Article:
It was just after 8:30 a.m. on February 1, 2020.

I was number fifteen or twenty in a line of nearly a hundred local authors. Dragging our supply of books behind us like proud parents ready to push our kids on stage, we snaked outside a side entrance to the Scottsdale Public Library at Civic Center Plaza.

As Tom and I waited for the doors to open at 9 a.m. to set up my table for the Local Author Book Sale, I felt anticipation filter through the cool desert air. It was a moment I cherished, but not as much as I should have.

An hour later, my table was set with my three books in front of me. I brought a sign-up sheet, so readers could provide their contact information. I wanted to keep in touch, so I could tell them when book four was published.

Me hawking my books on February 1, 2020, at the Local Author Book Sale at the Scottsdale Public Library.

At that moment, like most of the world, I was naive, ignorant or unaware. Call it what you like. I didn’t imagine such in-person opportunities would be stripped away by a pandemic for two years and counting.

Through it all, the losses have accumulated for all of us, and I’ve been missing you.

Our library has no immediate plans to reinstitute events of this sort. I understand they’ve cut staff. There have been a few online programs to keep patrons informed of local literary happenings, but nothing can replace actual human interaction.

I’ve been dreading writing about this. But I need to. The pandemic has hit all of us–young and old–hard. It’s sucked the life out of our passions. I’m angry that so many people are opposed to vaccinations and have not taken the proper steps to protect themselves and society. This poor judgment has prolonged the agony of lives lost and hollowed out.

It’s true, I am fortunate to have this platform to air my grievances. For now, I will continue to blog, but I’ve been questioning my commitment to this page lately.

It is common for all of us writers to have doubts. I appreciate those of you who follow this page and comment regularly. I’m not sure which creative path to take at this point, but I know I need something more … something that’s missing.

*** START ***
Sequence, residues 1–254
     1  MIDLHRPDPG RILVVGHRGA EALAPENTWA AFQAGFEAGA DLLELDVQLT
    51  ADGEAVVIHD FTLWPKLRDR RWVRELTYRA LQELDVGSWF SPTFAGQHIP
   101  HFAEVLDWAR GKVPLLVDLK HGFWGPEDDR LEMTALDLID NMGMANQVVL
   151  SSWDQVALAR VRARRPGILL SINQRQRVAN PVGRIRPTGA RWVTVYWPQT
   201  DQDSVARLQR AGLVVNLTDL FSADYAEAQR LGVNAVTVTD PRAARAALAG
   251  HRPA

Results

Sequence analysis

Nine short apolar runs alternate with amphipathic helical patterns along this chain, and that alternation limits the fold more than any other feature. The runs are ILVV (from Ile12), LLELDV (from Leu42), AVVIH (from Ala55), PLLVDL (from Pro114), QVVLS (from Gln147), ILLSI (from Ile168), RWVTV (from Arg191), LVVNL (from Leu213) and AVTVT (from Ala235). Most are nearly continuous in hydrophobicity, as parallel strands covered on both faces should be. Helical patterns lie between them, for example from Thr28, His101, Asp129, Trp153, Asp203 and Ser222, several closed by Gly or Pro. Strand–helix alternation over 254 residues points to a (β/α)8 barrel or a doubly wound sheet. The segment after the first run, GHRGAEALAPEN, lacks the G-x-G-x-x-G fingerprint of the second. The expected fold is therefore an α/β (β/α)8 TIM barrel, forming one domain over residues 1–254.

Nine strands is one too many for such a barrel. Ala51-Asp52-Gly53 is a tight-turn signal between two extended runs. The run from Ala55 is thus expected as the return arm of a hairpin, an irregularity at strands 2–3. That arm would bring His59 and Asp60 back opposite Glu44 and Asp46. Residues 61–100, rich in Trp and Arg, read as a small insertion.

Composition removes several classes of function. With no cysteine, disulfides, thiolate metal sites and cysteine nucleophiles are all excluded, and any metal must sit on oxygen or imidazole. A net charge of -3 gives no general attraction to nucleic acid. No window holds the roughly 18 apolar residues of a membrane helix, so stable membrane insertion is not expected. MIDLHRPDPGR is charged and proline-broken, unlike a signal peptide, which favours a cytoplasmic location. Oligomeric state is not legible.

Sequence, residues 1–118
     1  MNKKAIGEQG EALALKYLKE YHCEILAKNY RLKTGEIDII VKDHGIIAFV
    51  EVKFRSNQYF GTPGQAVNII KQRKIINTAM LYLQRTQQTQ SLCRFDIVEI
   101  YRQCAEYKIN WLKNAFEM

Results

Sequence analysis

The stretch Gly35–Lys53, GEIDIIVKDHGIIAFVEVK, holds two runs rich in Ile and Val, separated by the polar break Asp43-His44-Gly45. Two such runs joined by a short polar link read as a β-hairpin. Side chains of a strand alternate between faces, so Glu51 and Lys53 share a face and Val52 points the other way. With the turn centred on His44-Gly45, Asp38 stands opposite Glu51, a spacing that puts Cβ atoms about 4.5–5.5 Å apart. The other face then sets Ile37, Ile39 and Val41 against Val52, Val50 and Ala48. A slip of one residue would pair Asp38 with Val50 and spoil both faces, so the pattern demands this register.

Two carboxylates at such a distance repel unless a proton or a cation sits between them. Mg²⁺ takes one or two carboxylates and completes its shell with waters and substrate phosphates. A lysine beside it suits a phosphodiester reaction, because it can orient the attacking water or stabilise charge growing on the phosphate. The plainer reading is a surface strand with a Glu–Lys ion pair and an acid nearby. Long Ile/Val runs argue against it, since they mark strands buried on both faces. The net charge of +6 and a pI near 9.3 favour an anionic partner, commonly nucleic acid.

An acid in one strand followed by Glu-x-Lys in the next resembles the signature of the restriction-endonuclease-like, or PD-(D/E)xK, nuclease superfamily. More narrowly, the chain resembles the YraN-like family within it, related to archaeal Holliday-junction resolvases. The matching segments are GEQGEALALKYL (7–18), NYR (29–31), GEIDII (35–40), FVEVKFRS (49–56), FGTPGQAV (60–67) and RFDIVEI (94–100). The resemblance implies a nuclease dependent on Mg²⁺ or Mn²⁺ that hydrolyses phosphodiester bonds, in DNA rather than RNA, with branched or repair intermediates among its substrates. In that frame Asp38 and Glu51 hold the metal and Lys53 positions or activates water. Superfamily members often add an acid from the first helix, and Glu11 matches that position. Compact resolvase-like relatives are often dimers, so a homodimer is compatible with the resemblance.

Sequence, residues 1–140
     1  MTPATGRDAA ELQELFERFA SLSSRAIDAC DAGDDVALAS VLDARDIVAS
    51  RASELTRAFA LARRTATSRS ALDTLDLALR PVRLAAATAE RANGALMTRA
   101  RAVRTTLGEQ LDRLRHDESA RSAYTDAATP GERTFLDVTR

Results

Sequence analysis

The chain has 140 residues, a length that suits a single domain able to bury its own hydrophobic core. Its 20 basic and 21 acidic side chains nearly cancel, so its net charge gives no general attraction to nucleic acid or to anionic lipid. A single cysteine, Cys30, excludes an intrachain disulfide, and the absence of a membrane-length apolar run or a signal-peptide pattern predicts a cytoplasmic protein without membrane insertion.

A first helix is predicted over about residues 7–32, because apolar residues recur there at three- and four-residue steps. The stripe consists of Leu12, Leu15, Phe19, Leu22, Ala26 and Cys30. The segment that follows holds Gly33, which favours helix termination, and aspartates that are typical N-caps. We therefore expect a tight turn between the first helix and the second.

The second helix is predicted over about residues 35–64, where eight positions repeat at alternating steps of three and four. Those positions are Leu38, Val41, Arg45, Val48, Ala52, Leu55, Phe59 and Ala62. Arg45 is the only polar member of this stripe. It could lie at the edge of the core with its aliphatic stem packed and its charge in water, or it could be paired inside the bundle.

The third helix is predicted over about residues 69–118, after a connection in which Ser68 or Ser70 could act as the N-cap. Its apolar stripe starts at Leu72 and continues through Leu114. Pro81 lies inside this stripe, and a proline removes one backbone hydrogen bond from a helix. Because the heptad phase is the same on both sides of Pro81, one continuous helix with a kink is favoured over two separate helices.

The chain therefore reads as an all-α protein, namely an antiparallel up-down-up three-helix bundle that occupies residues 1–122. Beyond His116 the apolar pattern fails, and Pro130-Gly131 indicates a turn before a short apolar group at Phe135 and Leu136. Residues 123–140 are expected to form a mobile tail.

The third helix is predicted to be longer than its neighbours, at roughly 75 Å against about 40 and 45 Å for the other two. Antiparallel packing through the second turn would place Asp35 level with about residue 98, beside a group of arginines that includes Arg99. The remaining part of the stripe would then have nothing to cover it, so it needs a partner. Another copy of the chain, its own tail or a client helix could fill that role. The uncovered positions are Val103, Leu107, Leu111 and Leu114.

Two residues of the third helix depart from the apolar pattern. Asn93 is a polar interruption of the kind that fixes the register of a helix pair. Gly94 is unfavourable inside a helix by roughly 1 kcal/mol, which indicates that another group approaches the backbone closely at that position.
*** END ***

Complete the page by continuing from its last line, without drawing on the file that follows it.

Book Chat

Now that I have published I Think I’ll Prune the Lemon Tree, I feel like an empty-nester. All of the nurturing and sculpting is over. My purpose and attention has shifted from writer to salesman.

There is nothing too surprising about that. The frustrating part is that we are living in the middle of a global pandemic. There are limited opportunities–none, really–for the face-to-face interactions I crave with readers. I don’t have a chance to talk about my books with people. Because I am mostly an extrovert–though much less so as I’ve gotten older–I miss that terribly. The only legitimate opportunities for authors to promote and sell their books are online.

Even so, on Wednesday afternoon, I manufactured a little of my own author interaction. I drove to the Scottsdale Public Library. I donated a copy of my latest book for its Local Author bookshelf. This is something I’ve done three times before.

Previously, this act was followed by a physical Local Author Book Sale, where readers and authors meet. (To replace the in-person fair, there is an online local authors talk series conducted through our library. I missed the deadline for submitting a video to participate. I was focused on finishing and publishing my fourth book.)

While at the library I spoke with Wen-Ling, a pleasant woman who coordinates some of the local author activities for the library. From one side of a glass partition I described my latest book to Wen-Ling and my passion for writing memoirs. She told me the staff hopes to reinstitute the Local Author Book Sale in 2022.

After our interaction, I found my energy. I raced back to the parking lot to my car to find a bookmark for Wen-Ling and postcard with information about my books. I returned to the library information desk, placed my printed materials on the counter, and waved to her. Wen-Ling was helping another patron, but from behind her mask she thanked me for donating my book. I smiled back and said goodbye.